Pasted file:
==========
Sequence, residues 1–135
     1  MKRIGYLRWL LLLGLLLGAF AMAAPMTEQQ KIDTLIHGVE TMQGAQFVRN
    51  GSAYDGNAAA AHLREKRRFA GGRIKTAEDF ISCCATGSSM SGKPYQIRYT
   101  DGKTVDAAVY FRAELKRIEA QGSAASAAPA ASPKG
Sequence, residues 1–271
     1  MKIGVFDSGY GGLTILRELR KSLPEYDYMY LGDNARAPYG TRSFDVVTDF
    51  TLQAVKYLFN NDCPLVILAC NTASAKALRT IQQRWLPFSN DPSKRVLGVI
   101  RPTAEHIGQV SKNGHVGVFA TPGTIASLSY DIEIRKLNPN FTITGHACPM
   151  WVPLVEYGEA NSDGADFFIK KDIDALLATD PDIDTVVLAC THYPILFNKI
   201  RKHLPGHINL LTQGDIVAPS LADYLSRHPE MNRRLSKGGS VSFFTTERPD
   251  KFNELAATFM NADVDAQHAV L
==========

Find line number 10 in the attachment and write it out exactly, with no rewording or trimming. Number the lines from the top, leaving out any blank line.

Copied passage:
   201  RKHLPGHINL LTQGDIVAPS LADYLSRHPE MNRRLSKGGS VSFFTTERPD